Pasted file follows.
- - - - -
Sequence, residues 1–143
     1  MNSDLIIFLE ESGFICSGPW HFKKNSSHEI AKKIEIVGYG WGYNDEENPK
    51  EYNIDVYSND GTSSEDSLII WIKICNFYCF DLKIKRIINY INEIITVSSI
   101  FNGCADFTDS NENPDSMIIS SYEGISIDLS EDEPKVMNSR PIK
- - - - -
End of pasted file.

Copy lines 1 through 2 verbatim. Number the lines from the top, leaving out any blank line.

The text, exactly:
Sequence, residues 1–143
     1  MNSDLIIFLE ESGFICSGPW HFKKNSSHEI AKKIEIVGYG WGYNDEENPK